When 12-year-old Carter Noseworthy picked up a new hobby during the pandemic lockdown, he never dreamed he’d get paid to do it.
The Halifax boy, who has always had an interest in drawing and architecture, decided to teach himself watercolour painting while stuck at home during Nova Scotia’s third wave of COVID-19. He has since taken a brief online course to brush up on his technique.
After starting up an Instagram account for his work and sharing his story with CBC News, he has been working non-stop to keep up with the demand for commissions.
“I’m definitely surprised, ’cause at first, I just went to Michaels [arts and crafts store] one day to experiment with watercolour in one of my sketches and then it just gradually became this business,” he said.
Since getting his first commission in May, he’s now completed close to 40, having sent his original pieces and countless prints all over North America, and across the ocean to countries such as France, Turkey, and Singapore.
Of all the world-famous buildings the aspiring architect has captured on paper, his favourite was the main Parliament building in Canada’s capital city. He said the shapes and colours worked nicely together.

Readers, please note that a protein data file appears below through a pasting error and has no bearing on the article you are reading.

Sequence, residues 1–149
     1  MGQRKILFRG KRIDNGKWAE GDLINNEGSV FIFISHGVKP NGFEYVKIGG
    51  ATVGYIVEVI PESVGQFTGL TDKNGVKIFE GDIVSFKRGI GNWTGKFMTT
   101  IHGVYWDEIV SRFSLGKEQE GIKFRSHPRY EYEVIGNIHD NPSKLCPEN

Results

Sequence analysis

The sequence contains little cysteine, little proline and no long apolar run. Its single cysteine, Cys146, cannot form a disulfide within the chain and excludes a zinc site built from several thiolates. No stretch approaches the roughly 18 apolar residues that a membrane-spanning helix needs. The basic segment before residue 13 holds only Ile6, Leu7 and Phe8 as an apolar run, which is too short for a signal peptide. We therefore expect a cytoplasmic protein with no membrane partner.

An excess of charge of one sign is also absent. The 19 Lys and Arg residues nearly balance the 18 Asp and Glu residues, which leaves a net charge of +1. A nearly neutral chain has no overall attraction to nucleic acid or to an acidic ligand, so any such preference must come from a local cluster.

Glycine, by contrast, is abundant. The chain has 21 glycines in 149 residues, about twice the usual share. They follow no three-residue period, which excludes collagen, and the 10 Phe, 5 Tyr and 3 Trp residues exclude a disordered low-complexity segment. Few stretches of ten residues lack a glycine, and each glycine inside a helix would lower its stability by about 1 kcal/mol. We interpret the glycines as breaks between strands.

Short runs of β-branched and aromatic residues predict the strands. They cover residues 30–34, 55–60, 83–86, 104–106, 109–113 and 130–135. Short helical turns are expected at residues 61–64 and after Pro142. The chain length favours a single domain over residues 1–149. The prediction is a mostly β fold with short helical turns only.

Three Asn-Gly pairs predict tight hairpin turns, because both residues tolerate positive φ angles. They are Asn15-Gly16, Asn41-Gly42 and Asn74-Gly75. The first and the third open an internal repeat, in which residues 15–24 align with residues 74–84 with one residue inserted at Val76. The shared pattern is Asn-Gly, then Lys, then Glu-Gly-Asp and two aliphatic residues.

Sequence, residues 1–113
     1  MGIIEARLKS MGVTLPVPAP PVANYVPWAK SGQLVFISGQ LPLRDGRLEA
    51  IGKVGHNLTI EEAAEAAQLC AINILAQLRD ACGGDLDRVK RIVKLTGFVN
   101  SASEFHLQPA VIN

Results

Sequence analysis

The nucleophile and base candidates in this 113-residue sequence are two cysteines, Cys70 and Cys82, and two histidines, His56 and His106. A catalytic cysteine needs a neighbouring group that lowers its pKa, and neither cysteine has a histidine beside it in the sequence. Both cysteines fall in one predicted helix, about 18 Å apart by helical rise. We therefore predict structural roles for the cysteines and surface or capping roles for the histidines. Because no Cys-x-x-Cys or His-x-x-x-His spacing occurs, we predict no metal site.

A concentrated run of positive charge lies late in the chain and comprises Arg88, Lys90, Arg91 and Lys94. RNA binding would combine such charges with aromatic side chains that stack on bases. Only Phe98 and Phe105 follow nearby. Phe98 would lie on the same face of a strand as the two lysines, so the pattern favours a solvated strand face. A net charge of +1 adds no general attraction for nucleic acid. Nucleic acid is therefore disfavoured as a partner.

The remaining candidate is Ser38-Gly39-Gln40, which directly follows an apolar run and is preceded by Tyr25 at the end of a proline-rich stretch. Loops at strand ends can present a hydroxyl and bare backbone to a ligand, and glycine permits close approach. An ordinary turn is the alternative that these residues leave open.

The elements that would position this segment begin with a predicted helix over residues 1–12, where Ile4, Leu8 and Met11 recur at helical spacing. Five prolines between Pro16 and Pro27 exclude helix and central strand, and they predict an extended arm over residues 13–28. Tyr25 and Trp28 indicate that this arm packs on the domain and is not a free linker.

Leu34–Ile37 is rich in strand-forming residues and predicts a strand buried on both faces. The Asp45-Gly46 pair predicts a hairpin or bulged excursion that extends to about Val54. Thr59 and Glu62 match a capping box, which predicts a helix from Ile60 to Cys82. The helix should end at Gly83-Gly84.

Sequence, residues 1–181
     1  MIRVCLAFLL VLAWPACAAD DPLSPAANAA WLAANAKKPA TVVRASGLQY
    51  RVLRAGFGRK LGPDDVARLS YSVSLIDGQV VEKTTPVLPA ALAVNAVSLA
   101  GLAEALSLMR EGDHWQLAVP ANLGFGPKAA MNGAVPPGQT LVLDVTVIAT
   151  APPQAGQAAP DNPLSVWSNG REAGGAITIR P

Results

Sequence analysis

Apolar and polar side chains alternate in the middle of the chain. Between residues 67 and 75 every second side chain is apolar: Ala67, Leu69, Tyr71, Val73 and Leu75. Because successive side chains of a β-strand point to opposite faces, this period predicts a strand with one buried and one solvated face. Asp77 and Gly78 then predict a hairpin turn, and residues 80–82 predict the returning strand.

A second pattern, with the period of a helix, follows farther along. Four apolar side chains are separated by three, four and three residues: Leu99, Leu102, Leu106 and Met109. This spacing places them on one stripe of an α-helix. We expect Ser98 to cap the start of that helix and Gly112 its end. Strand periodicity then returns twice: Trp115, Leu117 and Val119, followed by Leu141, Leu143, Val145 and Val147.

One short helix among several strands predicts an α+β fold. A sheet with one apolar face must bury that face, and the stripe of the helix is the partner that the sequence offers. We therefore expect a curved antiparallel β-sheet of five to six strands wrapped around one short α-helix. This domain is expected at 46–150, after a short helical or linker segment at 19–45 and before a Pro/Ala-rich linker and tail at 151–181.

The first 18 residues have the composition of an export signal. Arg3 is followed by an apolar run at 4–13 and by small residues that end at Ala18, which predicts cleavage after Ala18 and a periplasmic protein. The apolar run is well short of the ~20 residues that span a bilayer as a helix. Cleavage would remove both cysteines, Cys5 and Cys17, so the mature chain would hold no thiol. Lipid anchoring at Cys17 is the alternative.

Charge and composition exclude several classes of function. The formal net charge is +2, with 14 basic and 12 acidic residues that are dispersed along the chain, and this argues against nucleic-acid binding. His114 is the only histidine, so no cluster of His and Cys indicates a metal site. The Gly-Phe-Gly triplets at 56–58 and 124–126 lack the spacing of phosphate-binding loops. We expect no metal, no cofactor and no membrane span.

“I’m very lucky, because I’m getting paid for something that I enjoy,” he said.
“I think it’ll help me in the future because those great buildings that I like to draw, they’ve been designed by architects. And if I draw them, it’ll help to understand how to design buildings when I’m older.”
But it’s not just iconic landmarks — he’s also had work commissioned by local businesses, like the Waegwoltic Club, and Field Guide restaurant in Halifax.
Then there’s the more sentimental pieces, including an original painting of his school as a year-end gift to his teacher and several commissions to paint people’s childhood homes.
“It made me feel good knowing that they asked me to draw something that they feel connected to,” he said.
Creativity runs in the Noseworthy family. Both his parents are artists in their own right.
His Instagram page is managed with the help of his mother, Colleen Wade Noseworthy, who never ceases to be impressed by her son’s multitude of talents.
“I watch him, and he’s so fast, it’s almost like his hand is moving and he doesn’t even have to think about it,” she said.
“What looks like a scribble, when it’s all put together, they’re windows and doors and fine details. I think that’s just a gift.”
$1 per sale to Autism NS
The price for each original piece varies depending on the amount of time and materials required to make it, but they average around $100. Prints sell for $20 and are sold locally at the Village Emporium in Chester, N.S.
For each piece, Noseworthy donates a dollar to Autism Arts, a program run by Autism Nova Scotia that helps young people on the spectrum explore self-expression through art.
“He has several friends who are on the spectrum, and he knows how important it is to work with art, and what it can do for you,” his mother said.
For now, Noseworthy is tackling one last commission before temporarily scaling back his watercolour business to focus on his next chapter — starting Grade 8.